• Immerse yourself in the experience. As we've seen, there are no guarantees and many of us took winery visits for granted until we could no longer visit them. Enjoy the hospitality, meditate on the wines, ask about vineyard practices and if they were able to have a 2020 vintage, ask how the winery was impacted by the pandemic. Also, see what additional experiences the wineries are offering. A lot of them have gotten creative with culinary experiences and special tours that weren't previously available.

The view from Auberge overlooking Napa Valley

Basics

  • Do not wear strong scents (or any for that matter) to any wine event. You may not be able to smell the strength of your perfume or cologne or body lotion, but you are in a hypersensitive environment and that could ruin an entire tasting room's experience. Cigarette smoke is another consideration.

  • Tip your tasting room person. I tip anywhere from $20/person for a casual tasting, to $100/person for a more prestigious experience. Anything above that definitely earns karma points.

  • Hire a driver. You will be way more relaxed and safe if you have someone else responsible for getting you safely from one appointment to another.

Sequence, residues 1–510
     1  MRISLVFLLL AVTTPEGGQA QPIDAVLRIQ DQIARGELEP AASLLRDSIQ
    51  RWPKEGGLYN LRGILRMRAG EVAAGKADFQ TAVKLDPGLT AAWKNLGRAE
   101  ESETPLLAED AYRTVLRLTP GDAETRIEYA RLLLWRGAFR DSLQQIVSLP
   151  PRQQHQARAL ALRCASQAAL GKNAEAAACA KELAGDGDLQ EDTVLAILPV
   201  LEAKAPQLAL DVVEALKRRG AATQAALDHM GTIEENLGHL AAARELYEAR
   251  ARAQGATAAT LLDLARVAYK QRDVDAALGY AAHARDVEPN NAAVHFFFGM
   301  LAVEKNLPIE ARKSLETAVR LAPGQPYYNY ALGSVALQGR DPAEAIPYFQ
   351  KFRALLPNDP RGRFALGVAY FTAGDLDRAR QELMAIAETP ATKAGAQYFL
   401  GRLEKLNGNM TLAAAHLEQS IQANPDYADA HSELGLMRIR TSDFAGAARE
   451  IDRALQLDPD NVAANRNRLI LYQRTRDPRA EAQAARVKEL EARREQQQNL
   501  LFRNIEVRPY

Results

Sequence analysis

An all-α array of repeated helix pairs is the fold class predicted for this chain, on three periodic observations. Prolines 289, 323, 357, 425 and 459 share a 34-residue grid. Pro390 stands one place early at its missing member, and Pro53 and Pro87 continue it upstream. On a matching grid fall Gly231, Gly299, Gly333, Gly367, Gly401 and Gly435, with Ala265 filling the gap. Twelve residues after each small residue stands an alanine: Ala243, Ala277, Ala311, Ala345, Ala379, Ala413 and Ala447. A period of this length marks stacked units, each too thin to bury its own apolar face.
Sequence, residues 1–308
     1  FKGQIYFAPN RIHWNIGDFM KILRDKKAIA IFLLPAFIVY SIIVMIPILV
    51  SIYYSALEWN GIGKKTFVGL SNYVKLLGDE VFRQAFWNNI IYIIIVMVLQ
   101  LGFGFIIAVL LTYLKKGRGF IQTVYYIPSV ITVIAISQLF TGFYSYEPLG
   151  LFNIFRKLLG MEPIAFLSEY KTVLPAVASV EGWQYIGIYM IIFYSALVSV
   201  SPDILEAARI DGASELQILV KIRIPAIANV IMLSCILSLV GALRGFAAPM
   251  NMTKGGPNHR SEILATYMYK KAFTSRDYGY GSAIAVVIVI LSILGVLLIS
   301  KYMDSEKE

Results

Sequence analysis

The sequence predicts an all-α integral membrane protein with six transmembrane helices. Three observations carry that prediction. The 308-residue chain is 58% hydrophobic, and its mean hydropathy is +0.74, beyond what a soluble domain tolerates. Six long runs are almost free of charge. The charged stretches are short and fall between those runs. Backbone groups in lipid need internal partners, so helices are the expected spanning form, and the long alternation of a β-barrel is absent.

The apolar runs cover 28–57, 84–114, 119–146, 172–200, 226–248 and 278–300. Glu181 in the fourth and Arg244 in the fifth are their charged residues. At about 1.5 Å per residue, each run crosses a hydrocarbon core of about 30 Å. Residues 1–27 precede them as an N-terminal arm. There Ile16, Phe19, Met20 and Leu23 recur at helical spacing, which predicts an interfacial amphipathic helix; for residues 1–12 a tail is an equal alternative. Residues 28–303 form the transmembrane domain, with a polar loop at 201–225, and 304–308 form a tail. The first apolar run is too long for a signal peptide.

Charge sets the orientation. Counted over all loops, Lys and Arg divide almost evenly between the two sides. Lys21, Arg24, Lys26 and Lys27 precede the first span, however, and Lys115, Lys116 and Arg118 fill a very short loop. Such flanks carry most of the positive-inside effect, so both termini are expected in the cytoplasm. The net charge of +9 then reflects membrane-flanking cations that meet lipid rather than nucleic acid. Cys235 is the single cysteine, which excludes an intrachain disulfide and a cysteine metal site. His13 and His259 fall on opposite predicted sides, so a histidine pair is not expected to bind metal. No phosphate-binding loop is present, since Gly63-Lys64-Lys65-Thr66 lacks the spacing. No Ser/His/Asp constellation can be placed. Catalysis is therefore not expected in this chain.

• Don't store wine in your car. This is the easiest and fastest way to ruin a bottle. (Although my friend found a wine enthusiast life hack on her Tesla that is designed to keep pets cool in the car, but it also happens to work well for keeping wine at a safe temperature.)


Kenzo Winery
Between the rows at Kenzo.

Recent Wine Country Visits Recommendations. In addition to this list, I've enjoyed a few additional spots that are not yet listed.

  • Torc Fantastic California cuisine in the old Ubuntu spot in downtown Napa. Great wine and cocktail program.

  • Auberge du Soleil Perfectly luxe wine country dining experience. Definitely score a table on the terrace overlooking the valley from their property in Rutherford. The lunch tasting menu is a fantastic deal.

  • RH Yountville An unexpected find. The food was really good, but the ambiance is incredible. Great casual spot to snack on truffle fries and crispy artichokes, accompanied by a truly great BTG wine list.

  • Farmstead at Long Meadow Ranch A very high volume restaurant with ample outdoor seating on 29 in St Helena that features ingredients from their own gardens. The wine list is heavy in offerings from their winery, with some great playful cocktail additions.

  • Kenzo Tucked away at the base of Mount George is a 4000 acre plot purchased by Kenzo Tsujimoto in 1990, planted by celebrity viticulturist David Abreu, and wines made by Heidi Barrett. The Sauvignon Blanc is liquid enjoyment, and the reds are all beautifully polished. The wines of Kenzo are in nearly all of my clients collections. They also own an exclusive izakaya restaurant in downtown Napa that sounds fantastic.



Let us know which spots you'd like us to add to our list, and please feel free to reach out with any wine country needs if you are looking for specific recommendations. And if you want to bring the wine country to you, contact us here.


Cheers from Napa Valley